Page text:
If there’s no way to avoid the checkpoint without looking like a scene straight out of the Fast and Furious, your next move is to just keep it together as best as possible. Keep in mind that police do not inspect every driver that comes through. Depending on the situation, they might stop every 10th vehicle. So, there’s a possibility that the police might not bother you, especially if you’re not all weirded out. But you’ll want to be as prepared as possible in line to minimize the interaction if you are picked out of the crowd. This means having your driver’s license, registration and insurance card out and ready to hand to the officer. We don’t want to be fumbling around in the glove box when a cop starts asking questions. And rest assured, they will.

The officer is undoubtedly going to hit you with a line of questioning right out of the gate. The first couple might be something like, “Where are you heading?” or “Where are you coming from?” Don’t stumble around with your answer, and don’t tell them any more than they need to know. During this time, you had better believe the cop is going to size you up. They’ll be looking for red eyes, slurred speech and whether or not they detect alcohol or marijuana odors. Drunk people will almost always lose this battle. They are going to be asked to take a sobriety test immediately. But for someone who’s not obviously drunk, there’s hope. They may even be allowed to leave. So when the officer asks, “Have you had anything to drink tonight?” be careful how you respond.

We don’t want to volunteer any information that could incriminate us. If the officer doesn’t suspect we’ve been drinking, let’s not admit that we have. Even if you just had one beer at lunch and it’s now midnight, that’s none of the cop’s business. You don’t have to lie about it, as doing so could come back to bite you in the ass if you do happen to get arrested. But saying something like “I prefer not to answer” is perfectly acceptable. The Fifth Amendment of the U.S. Constitution is a beautiful thing. It says we don’t have to answer any questions that we don’t want to. It might piss the police off, sure, but as long as you aren’t saying or doing anything that helps them build a case against you in court, there’s always a possibility that an attorney can swoop in for the rescue. Also, you can always refuse to take a sobriety test. But understand that in some states, failure to comply is considered an automatic admission of guilt. At that point, police can arrest you, search your vehicle without a warrant and perhaps open up a whole new world of legal hassles. In some parts of the country, sobriety tests are voluntary. So, always ask if your participation is required and if it can be denied without losing driving privileges. If the cop says it’s mandatory and it is not, an attorney will probably be able to get the case dismissed. If it’s voluntary, you are well within your rights to refuse the test and be on your way.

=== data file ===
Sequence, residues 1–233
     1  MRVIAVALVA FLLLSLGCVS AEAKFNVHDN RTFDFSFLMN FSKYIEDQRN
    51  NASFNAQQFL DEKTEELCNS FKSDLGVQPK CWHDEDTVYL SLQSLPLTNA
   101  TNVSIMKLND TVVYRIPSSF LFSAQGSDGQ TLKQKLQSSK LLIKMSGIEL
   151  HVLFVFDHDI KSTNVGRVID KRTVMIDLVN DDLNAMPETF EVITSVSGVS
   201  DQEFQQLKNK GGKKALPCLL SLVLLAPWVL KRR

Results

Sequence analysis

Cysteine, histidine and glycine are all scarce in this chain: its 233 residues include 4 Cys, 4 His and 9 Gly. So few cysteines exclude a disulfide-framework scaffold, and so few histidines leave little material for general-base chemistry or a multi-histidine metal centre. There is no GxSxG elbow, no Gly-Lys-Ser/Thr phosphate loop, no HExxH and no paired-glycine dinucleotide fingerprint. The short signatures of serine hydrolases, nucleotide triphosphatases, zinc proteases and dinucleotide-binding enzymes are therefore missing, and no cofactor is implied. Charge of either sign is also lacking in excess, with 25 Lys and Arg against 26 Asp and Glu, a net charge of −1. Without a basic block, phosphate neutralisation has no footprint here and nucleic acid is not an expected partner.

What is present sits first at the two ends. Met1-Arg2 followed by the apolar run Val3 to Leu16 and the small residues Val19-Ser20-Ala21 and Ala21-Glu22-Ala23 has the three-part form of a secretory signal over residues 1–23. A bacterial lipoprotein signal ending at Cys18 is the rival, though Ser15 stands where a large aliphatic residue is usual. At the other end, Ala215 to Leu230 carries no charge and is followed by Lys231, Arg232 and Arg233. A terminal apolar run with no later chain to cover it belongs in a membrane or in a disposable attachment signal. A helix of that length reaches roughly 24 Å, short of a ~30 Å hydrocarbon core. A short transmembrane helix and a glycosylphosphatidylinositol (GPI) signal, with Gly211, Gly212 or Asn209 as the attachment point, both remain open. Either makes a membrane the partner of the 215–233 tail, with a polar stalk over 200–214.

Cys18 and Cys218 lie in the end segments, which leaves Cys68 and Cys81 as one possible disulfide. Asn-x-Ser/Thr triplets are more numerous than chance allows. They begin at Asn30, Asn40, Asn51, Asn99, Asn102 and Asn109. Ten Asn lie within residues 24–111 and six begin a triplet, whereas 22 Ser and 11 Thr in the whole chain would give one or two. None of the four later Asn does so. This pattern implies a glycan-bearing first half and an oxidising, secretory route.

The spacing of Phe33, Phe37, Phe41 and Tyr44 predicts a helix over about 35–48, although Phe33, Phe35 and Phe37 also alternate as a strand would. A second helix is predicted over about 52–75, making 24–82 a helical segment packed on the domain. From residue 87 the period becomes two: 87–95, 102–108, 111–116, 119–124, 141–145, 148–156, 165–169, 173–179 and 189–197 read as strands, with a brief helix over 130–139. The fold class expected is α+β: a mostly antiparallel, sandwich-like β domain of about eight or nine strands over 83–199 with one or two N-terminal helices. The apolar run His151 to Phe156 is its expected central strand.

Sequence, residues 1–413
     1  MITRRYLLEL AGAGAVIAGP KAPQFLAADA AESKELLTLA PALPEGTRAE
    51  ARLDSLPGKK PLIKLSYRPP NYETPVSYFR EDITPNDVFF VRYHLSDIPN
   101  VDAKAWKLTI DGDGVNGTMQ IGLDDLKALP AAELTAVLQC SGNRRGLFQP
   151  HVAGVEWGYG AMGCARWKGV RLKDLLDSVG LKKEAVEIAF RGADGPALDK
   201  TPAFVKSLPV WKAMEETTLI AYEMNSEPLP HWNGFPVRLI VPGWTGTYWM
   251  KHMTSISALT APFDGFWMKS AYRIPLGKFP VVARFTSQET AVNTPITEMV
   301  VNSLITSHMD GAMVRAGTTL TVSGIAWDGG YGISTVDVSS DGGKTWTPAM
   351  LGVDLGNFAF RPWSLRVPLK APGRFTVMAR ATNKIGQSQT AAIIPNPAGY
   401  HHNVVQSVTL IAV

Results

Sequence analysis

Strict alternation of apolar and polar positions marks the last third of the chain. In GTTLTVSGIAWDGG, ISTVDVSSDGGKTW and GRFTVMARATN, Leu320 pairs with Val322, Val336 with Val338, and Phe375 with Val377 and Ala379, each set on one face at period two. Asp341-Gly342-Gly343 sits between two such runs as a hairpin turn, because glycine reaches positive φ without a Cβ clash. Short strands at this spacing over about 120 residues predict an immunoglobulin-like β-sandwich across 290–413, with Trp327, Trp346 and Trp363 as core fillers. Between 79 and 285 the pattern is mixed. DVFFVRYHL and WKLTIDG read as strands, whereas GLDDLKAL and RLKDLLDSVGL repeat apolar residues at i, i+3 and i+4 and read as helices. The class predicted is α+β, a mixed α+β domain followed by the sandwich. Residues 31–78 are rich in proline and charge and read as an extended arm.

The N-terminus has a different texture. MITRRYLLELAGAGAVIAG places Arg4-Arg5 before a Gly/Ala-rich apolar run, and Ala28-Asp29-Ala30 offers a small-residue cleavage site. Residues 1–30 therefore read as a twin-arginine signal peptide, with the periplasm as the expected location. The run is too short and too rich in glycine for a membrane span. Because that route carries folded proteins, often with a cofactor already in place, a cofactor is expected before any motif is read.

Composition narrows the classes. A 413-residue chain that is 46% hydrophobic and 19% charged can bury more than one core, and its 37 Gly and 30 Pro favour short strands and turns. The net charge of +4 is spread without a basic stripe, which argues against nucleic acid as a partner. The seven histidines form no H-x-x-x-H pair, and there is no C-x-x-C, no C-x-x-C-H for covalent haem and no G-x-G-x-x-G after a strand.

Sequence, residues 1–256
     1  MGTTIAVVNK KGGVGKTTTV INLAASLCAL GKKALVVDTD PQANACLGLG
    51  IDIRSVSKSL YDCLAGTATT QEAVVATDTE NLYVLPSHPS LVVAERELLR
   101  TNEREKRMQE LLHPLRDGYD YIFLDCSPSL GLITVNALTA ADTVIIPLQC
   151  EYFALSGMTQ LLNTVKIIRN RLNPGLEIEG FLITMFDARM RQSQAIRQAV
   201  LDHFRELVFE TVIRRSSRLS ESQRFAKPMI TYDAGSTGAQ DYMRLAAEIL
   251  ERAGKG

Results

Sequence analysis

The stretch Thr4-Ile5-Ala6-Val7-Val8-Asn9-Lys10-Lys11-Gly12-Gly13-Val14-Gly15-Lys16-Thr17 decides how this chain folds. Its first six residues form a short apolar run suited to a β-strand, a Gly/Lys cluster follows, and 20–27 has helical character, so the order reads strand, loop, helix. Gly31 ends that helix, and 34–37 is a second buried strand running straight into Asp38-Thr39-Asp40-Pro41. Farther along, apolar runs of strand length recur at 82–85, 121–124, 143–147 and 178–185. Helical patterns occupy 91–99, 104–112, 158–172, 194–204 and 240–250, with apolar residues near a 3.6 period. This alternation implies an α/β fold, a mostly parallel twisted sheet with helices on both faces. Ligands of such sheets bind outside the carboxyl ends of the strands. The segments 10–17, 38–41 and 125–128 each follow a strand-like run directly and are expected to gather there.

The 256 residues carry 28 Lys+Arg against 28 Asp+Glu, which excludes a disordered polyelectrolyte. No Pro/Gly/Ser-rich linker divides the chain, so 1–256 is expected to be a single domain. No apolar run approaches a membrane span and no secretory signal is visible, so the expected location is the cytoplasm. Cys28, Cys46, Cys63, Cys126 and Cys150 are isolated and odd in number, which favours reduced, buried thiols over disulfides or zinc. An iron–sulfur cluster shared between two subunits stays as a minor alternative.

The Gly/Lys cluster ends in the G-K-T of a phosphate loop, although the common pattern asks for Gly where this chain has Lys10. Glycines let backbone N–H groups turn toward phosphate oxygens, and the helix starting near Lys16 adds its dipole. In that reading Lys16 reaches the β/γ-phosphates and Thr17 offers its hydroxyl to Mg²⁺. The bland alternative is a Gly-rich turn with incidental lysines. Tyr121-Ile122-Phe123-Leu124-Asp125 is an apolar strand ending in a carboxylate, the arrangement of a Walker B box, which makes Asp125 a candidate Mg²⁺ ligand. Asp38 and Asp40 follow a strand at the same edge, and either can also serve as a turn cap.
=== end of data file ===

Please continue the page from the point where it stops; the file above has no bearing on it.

Seriously, though, if you plan to drink this summer, even if just a little, we strongly advise using a ride share service, just to be safe. There are too many responsible options available in this day and age to risk going to jail, losing your license and going broke. After all, the average DUI in 2020 costs somewhere around $10,000. You’re better off investing in Uber one drunken night at a time.